Monkey see, monkey do, as any schoolteacher knows only too well – and Hong Kong’s youthful protesters have had plenty of simians-in-office to emulate in recent years.
During the 2016 Legislative Council election, several of the older cohort climbed back into the branches to make way for younger and even more cantankerous political hopefuls.
Saturation media coverage further encourages juvenile antics, which are just one more example of Hong Kong’s mindless copying of lamentable overseas trends; in the 1990s, Korea and Taiwan made rowdy transitions to more mature political systems. Now it’s Hong Kong’s turn to yodel tunelessly into the political karaoke machine’s tinny, feedback-prone microphone.
From early childhood, Hong Kong’s millennial legislator-activists have observed some pretty doubtful role models. Foul-mouthed ravers (we know who they are) who fling drinking glasses, bananas, slices of luncheon meat, cardboard microwaves and such like, along with crude epithets and ranted slogans, have dominated local political life – and news headlines – ever since the handover.
In earlier times, strident public viewpoints were better expressed. Elsie Elliott (later Tu), Brook Bernacchi, A. de O. Sales, and other elected members of the Urban Council (disbanded in 1999) seldom minced their words – as verbatim records from council sessions make clear. Nevertheless, they remained polite. The rot began in the early ’90s, with legislators such as the shrill-voiced Emily Lau Wai-hing (privately dubbed “unbearably loud” by the plain-speaking Tu) and Hong Kong’s ubiquitous, all-purpose rowdy “Long Hair” Leung Kwok-hung, who was eventually elected in 2004.
Shrewd inside observers have long since noted that this individual’s carefully staged Legco disruptions typically take place just before lunchtime, so that the culprit can be melodramatically “dragged” from the chamber in time to adjourn to the members’ canteen, there to cackle about his latest aria with his erstwhile political opponents over a taxpayer-subsidised meal.
One young acquaintance, formerly a political assistant to another – shall we say, controversial – popularly elected legislator, explained to me exactly how this farce on the public purse plays out. He now works in public relations and claims that, compared with Hong Kong’s legislature, at least that tawdry profession allows him to maintain some semblance of integrity.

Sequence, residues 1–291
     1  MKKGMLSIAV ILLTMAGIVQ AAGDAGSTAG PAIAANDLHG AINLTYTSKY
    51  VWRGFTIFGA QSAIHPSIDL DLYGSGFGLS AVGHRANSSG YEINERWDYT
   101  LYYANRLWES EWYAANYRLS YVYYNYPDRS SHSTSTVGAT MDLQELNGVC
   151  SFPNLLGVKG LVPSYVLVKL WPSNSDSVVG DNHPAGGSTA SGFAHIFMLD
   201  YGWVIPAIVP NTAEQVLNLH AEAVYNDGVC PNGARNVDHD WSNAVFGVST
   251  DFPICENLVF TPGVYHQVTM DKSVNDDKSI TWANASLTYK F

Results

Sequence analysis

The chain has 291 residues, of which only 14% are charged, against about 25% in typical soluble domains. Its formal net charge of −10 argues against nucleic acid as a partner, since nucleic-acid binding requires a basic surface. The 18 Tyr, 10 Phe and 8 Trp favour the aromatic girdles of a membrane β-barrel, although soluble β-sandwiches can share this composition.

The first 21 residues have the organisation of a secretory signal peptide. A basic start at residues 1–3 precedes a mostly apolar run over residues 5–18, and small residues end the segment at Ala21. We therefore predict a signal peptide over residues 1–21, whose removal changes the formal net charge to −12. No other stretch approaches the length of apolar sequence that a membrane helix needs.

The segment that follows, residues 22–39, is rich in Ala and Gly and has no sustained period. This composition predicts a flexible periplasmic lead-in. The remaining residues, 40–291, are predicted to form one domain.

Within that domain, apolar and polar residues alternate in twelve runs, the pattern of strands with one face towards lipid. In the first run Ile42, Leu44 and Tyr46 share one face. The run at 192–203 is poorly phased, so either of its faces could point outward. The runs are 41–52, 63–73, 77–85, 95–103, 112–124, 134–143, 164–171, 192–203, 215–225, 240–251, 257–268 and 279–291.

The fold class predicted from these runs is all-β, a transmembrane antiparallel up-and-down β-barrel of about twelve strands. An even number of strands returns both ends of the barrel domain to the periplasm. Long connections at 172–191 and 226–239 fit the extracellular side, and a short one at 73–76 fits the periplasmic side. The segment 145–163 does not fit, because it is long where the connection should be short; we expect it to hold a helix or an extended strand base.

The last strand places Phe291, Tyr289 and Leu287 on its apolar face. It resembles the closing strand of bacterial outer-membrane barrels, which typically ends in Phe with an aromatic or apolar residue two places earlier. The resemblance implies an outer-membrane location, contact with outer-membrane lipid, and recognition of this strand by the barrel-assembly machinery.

Hong Kong’s leading youthful loudmouth, Joshua Wong Chi-fung, evidently learned his oratorical “skills” at home. His father, Roger Wong Wai-ming, is one of Hong Kong’s leading anti-LGBT-rights activists; curiously, connections between the two are seldom made when the froth-flecked ravings of either father or son are reported.
Wong Snr is a member of a well-resourced fundamentalist Christian coalition that campaigns against the provision of scientifically accurate, belief-free information on human sexuality to Hong Kong youth. The intellectual contradiction is obvious; Wong Jnr – let us remember – spat out his milk teeth in 2011 gibbering against the imposition of national education and its alleged “brainwashing” effects on Hong Kong’s young people. When the government swiftly dropped its (admittedly ill-considered) proposal, this “victory” gave young Josh a heady sensation of triumph that encouraged even more vocal opposition.
And for all their rejection of the broader culture from which they hail, these men’s responses to public challenge – lost face, hurt feelings and a desire for revenge when eventually pulled up – have an obvious cultural origin. Wong Snr even lodged an official complaint with the Foreign and Commonwealth Office – eventually dismissed – against a senior British diplomat stationed in Hong Kong who had amusingly disdained his homophobic ranting, eliciting resounding laughter, at a public forum on LGBT rights and inclusion held at the Chinese University of Hong Kong in 2014.